Israeli Stocks to Watch
The tiny country in the Middle East has bucked the sovereign default trend.
It was one of the last countries to enter the global recession and one of the earliest to exit. In a recent note, Barclays Capital said the country "passed through the global recession with only light damage and the economy is ready to resume growing."
Israel's financial sector remained stable during the global credit crisis and its exports rebounded swiftly. The country's gross domestic product grew 4.4% in the fourth quarter of 2009, well above Barclays Capital's forecast of 3.2%, and the brokerage firm said it "appears to be enjoying rapid growth without much inflation."
Finding relatively safe investments overseas may seem like a challenge these days, but Israel could be a promising place for American investors. In 2009, Israel's Tel Aviv-25 benchmark index gained 75%, handily beating the S&P 500, and today sits narrowly below its lifetime high.
On a recent trip to Israel, I saw a country alive with opportunity. Tel Aviv, the cosmopolitan and technological center, is a city that really does not sleep. The street life is invigorating: bars, falafel and shwarma stands open all night, open-air markets where bargaining is like a sport, and crowds all along the promenade on the Mediterranean. Skyscrapers are going up and the city is sprawling outward as more people move there. Storefront vacancies, something found even in trendy parts of New York, were almost nonexistent.
The easiest and safest way to invest in Israel is to look to its biggest companies. Many smaller companies are thinly traded on the NASDAQ or New York Stock Exchange.
Israel's embrace of technology over the years has been good news for Cellcom (CEL), its largest telecommunications company. Established in 1994, Cellcom had 3.3 million subscribers as of September 30, 2009. Its competitors are Partner (PTNR) and Bezeq, and together these three companies make up a "rationally competitive market," according to Anupam Palit, the lead analyst on Cellcom at Jefferies & Co. Without a turf war, like we've seen in the United States, there hasn't been a race to the bottom in terms of pricing, Palit said in an interview.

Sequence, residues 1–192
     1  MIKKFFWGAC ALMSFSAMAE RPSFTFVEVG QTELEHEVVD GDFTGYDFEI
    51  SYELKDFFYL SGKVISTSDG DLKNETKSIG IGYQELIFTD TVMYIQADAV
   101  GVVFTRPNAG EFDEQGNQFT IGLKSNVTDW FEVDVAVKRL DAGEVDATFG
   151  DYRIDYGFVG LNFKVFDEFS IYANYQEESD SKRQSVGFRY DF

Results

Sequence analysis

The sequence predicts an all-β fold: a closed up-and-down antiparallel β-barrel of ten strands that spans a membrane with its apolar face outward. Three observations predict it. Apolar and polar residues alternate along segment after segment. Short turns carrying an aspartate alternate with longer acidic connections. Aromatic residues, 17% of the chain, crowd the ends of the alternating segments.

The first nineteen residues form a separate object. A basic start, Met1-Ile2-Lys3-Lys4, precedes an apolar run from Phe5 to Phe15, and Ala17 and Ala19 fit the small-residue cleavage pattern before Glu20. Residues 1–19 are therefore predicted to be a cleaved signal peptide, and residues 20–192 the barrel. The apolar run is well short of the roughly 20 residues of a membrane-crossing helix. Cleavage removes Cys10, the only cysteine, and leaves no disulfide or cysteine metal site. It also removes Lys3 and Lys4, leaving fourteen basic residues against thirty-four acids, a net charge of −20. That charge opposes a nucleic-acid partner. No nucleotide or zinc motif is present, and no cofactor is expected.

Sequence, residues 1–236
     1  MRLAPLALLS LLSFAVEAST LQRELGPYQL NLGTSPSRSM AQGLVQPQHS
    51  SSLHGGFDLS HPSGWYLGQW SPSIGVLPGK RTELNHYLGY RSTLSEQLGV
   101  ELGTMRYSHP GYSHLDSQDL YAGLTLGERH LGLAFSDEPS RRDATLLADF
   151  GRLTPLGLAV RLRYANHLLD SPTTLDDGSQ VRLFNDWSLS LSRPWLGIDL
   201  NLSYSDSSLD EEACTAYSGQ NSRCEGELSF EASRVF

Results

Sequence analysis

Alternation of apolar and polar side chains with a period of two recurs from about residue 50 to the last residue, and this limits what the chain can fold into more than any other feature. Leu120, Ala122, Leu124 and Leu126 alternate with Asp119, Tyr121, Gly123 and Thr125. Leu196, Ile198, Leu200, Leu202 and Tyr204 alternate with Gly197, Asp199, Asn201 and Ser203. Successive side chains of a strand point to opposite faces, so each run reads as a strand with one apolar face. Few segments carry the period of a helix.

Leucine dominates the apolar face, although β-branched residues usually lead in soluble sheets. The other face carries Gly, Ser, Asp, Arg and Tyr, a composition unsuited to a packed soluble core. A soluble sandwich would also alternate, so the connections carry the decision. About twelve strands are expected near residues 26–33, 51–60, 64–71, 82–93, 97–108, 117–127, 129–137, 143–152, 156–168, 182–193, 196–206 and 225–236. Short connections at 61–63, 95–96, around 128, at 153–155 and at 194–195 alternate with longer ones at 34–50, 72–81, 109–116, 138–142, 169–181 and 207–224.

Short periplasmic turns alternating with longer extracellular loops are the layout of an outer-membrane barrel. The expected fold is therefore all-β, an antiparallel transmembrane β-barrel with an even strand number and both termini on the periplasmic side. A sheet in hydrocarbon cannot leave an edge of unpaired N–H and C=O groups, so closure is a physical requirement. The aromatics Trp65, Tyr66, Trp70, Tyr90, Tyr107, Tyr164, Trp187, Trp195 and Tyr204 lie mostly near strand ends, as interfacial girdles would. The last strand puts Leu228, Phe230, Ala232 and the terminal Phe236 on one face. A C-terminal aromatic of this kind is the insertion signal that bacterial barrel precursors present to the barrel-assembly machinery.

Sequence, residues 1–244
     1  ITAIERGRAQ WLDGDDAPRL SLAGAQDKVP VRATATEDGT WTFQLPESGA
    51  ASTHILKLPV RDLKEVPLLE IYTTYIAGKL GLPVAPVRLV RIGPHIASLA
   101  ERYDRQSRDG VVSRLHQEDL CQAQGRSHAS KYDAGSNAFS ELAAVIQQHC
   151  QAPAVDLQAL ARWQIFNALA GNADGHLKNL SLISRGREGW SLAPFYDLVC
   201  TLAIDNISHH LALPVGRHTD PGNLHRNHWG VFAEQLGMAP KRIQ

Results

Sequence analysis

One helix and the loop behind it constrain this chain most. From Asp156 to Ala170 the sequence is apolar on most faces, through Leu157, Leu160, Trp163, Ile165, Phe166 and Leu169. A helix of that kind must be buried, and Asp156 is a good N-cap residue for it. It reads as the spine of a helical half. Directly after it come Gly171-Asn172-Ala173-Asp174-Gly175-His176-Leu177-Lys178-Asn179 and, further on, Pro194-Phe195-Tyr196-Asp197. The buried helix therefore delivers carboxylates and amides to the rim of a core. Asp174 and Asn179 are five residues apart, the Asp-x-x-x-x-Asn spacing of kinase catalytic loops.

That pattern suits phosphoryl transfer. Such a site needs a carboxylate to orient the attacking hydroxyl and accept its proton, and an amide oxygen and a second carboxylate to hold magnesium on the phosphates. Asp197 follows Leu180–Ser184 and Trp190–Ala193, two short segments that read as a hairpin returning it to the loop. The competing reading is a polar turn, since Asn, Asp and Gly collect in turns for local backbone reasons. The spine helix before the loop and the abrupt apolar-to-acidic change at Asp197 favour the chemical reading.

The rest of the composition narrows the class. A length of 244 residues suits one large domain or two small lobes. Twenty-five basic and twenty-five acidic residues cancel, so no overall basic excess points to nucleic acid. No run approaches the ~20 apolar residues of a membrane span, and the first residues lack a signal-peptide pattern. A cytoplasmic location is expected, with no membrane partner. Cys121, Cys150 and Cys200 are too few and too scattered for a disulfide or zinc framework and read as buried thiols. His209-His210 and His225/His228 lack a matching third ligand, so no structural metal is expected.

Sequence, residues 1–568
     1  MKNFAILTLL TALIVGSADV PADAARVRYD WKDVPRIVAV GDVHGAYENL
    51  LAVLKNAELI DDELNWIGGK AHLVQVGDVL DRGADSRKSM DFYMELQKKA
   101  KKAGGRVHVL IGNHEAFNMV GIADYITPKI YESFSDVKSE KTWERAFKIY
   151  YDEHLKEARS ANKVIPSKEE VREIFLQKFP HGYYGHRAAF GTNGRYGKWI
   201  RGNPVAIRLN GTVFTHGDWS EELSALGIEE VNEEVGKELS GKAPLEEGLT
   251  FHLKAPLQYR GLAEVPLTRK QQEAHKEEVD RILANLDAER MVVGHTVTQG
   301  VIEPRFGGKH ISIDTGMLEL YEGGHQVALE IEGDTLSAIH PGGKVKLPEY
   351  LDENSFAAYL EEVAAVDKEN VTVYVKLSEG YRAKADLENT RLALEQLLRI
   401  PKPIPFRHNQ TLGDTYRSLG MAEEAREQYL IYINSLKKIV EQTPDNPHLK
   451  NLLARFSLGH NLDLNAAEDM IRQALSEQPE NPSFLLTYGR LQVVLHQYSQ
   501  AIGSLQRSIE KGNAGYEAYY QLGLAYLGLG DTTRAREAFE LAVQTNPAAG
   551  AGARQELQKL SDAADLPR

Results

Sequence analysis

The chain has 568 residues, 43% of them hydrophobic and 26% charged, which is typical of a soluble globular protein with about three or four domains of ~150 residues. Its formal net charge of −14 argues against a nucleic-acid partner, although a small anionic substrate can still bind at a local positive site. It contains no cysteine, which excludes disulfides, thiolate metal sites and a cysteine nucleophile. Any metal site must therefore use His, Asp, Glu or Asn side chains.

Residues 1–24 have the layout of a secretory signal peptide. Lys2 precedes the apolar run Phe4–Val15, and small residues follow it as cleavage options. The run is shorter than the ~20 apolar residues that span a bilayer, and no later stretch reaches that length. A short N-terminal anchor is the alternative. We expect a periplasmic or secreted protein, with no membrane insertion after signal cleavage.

Cellcom's biggest selling point is its dividend: a fruitful yield of about 9%. Cellcom pays out nearly all of its net income in dividends and the stock has gone up more than 50% over the last 12 months. Palit says the hefty dividend isn't going anywhere: The company has very strong free cash flow and low capital expenditures, the latter a product of arid, flat land and the clustering of most people in and around Tel Aviv and Jerusalem. In fact, Palit believes there could even be a special dividend in the second half of the year.
Palit says future growth for Cellcom should come not from subscriber growth -- the saturation rate of wireless devices is already 130% -- but from new revenue streams and a change in the nature of consumption, once smartphones become more popular. (The iPhone (AAPL), for example, only arrived in December).
Israel also is home to the world's largest generic drugmaker. Making inexpensive copies of blockbuster drugs, Teva Pharmaceutical (TEVA) has given headaches to Big Pharma for a long time. Many Israelis proudly call it "Israel's stock." The company accounts for 22% of all generic prescriptions written in the US, according to a recent Forbes story. In 2008, Teva's CEO, Shlomo Yanai, whose popularity makes him like the Steve Jobs of Israel, declared that Teva, then a $9-billion-a-year company, would reach $20 billion in revenues and 20% profit margins by 2012.
The company is on target to reach Yanai's audacious target. In 2008, it acquired competitor Barr Pharmaceuticals of Montvale, New Jersey. Several weeks ago, the company maintained its 2010 outlook and predicted earnings per share of $4.40 to $4.60 and revenues of $16 billion for the year.
"Heading into what we believe will be an exceptionally strong 2010, we remain encouraged by Teva's overall sales trends," JPMorgan analyst Chris Schott said in clients' note.
As Big Pharma companies show flat earnings, Teva's growth shines. "Over the next three years some $89 billion worth of drugs will lose patent exclusivity, according to research firm IMS Health," Forbes wrote last August. "Teva is waiting with open arms."
A bet on Teva is also a bet on Israel. Indeed, this is the case with the iShares MSCI Israel Capped Investable Market Index Fund (EIS).
This ETF is designed to take into account the aggregate Israeli market, but Teva makes up nearly one-quarter of the portfolio. Other top holdings, Israel Chemicals and Check Point Software (CHKP), account for 10% and 8% of the fund, respectively. EIS gives investors exposure to companies not traded here, such as Israel's biggest banks, Bank Leumi and Bank Hapoalim.
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